Trustless payment methods were the first disruption blockchain brought to the financial industry. The second wave of disruption came about when the ICO boomed in 2017 as a way to reach a larger market of investors through crowdfunding smart contracts on Ethereum. In 2017 alone, ICOs raised around $7 billion.

More recently, we’re seeing the IEO (Initial Exchange Offering) — a very similar construct but with the token offering done by the exchange instead of the project itself. We’re finally starting to see the rise of the STO (Security Token Offering), as a way to conduct a compliant blockchain-based capital raise.

However, the industry is clearly fragmented and nascent. The crypto industry prefers ICOs and IEOs, which still dominate in terms of the amounts raised. Crypto investors are putting their money where their mouth is — utility tokens. 

On the side of traditional securities, it’s even far more lopsided, as tokenization has yet to make a dent in the global securities market, with under one billion dollars of tokenized securities, and hundreds of trillions of dollars of securities. Market penetration is so far orders of magnitude under 1%.

Instead of a productive tension between the crypto and securities markets forging a collaborative movement towards Security Tokens, the trend is more like a few players in each market taking the leap, with not many following suit.

One glaring issue is on a technical level. Most of the supposed STOs out there are using ERC-20 tokens. ERC-20 tokens don’t have built-in transfer restrictions, meaning you can send an ERC-20 token to anyone, such as a minor, an ex-convict, an unaccredited investor, or any other number of entities where it wouldn’t be compliant. This means that little 5-year-old Ji-woo in North Korea can own a tokenized share of Tesla, automatically violating accredited investor and KYC/AML laws.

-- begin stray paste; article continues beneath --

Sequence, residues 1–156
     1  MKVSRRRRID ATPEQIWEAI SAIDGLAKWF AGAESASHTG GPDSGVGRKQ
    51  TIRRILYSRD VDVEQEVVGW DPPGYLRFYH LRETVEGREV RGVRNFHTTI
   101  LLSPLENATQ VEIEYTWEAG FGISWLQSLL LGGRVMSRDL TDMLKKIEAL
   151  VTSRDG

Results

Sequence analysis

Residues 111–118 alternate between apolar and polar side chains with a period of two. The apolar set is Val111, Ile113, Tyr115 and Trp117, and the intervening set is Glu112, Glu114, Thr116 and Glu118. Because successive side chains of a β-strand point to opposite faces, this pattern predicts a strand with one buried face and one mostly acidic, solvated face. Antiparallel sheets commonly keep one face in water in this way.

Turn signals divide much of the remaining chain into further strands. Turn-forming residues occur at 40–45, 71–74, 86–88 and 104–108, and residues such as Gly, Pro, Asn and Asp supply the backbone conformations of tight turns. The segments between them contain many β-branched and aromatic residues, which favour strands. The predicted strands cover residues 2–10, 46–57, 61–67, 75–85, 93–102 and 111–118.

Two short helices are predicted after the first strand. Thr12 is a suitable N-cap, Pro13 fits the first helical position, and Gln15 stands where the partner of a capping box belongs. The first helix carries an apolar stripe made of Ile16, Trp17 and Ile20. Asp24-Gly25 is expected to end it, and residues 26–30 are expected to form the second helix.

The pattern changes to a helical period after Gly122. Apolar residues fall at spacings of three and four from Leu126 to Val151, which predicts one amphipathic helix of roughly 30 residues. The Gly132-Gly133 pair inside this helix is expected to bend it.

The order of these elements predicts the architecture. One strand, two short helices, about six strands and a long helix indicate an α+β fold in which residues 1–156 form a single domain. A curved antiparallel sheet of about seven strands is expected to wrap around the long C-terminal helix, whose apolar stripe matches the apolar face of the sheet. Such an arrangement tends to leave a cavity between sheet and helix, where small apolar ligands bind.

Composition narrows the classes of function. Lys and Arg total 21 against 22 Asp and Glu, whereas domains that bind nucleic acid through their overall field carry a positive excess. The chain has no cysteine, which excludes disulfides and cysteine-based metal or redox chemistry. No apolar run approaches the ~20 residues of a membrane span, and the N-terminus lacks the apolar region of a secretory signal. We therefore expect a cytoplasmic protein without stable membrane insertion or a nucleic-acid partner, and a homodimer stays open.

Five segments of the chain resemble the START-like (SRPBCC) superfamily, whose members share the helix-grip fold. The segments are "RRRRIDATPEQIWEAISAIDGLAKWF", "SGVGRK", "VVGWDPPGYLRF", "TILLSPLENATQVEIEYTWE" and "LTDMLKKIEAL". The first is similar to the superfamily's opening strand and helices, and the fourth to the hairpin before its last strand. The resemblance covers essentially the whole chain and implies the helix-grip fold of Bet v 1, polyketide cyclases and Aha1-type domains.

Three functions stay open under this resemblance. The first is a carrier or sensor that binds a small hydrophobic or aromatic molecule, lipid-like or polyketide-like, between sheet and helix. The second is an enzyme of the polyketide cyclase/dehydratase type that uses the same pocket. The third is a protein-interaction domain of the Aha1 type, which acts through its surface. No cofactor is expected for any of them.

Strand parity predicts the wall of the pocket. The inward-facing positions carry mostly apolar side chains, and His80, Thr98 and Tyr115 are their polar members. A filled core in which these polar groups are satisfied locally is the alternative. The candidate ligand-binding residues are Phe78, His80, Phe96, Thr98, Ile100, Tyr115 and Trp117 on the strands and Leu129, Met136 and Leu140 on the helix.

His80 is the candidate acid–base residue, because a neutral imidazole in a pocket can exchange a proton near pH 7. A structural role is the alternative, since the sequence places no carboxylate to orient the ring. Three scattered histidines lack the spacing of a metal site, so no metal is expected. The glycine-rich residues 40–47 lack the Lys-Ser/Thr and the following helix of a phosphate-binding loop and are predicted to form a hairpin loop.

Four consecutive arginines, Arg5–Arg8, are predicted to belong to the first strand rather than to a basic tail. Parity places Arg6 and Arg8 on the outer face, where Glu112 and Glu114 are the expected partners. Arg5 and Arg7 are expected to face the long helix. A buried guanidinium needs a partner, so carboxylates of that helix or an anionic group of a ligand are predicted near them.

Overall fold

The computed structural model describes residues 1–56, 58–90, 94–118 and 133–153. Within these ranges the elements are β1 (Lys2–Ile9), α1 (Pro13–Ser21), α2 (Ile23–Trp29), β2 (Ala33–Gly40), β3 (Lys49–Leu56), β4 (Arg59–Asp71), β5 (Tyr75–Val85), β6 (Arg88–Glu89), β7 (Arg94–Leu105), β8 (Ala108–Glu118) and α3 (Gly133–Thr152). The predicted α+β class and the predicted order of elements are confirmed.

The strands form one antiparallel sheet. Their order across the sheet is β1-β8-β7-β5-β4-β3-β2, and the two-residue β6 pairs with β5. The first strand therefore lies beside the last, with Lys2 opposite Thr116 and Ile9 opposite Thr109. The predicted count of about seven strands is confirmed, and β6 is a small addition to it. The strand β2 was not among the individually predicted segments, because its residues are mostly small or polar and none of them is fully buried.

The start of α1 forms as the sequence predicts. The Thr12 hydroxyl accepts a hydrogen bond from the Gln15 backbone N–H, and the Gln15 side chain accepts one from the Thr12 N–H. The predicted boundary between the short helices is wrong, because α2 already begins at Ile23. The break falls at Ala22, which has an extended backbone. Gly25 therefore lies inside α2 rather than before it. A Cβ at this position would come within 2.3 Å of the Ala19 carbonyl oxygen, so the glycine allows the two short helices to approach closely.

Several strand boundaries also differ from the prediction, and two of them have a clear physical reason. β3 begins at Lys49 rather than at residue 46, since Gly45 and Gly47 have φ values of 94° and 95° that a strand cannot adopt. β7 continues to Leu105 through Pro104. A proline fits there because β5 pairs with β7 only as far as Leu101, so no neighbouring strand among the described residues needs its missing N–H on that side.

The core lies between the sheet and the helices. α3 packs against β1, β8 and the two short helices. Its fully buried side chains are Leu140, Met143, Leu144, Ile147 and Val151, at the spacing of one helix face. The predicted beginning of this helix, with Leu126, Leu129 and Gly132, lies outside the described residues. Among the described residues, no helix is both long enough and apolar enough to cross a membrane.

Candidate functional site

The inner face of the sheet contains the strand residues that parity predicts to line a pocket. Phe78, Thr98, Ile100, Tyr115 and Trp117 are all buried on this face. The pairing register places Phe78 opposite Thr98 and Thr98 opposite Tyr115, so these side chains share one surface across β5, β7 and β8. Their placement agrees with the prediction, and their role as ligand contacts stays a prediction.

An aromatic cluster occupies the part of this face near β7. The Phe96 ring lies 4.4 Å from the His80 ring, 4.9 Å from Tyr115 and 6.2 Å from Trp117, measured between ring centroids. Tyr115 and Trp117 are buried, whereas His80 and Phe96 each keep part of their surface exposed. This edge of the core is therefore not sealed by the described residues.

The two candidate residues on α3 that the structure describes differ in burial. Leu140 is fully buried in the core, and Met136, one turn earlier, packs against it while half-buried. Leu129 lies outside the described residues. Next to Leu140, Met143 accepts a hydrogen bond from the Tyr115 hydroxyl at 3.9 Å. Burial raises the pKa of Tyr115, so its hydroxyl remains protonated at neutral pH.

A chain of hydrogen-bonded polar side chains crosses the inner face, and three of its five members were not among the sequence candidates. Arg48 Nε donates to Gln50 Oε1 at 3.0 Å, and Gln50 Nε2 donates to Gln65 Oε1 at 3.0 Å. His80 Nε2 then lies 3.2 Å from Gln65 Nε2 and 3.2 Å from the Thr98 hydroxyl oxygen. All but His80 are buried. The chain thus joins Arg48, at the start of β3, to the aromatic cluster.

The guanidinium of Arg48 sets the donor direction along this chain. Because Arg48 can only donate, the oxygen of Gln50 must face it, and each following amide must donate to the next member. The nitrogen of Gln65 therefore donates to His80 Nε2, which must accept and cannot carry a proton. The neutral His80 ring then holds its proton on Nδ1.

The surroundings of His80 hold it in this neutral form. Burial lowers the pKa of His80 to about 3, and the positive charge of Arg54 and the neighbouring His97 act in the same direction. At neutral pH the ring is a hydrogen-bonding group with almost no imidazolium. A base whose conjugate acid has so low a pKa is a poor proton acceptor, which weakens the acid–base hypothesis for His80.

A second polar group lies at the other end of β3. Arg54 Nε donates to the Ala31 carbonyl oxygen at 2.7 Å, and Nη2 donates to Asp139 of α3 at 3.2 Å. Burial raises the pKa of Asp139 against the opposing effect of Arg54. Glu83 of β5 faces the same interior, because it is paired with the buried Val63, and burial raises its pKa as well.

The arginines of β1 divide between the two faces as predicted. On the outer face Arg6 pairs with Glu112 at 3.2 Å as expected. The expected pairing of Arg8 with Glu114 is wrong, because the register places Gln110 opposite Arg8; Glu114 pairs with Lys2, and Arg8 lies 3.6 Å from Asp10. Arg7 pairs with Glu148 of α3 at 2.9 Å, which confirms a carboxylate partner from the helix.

A practical issue, though one that will inevitably be solved with time, is the complete lack of liquidity. While increased liquidity is one of the many touted benefits of Security Tokens, the reality is that there’s currently no lively secondary market for Security Tokens whatsoever. It’s virtually a buy-and-hold market.

Finally, there’s the issue with the regulatory uncertainty. People largely don’t know whether they should treat Security Tokens as crypto (especially considering that most are ERC-20 tokens, the same as most ICO tokens), as securities, or as a class of their own. The safest bet of course is to treat them as securities, but this means projects have to comply with the same — often stringent and complex — regulations that have been around for centuries, which the industry largely has an aversion to.

Ultimately, the industry needs collaboration instead of competition, which can be brought about by industry organizations, the largest of which being the Security Token Alliance. There’s a long road ahead until mass adoption, but that also means a lot of opportunity along the way.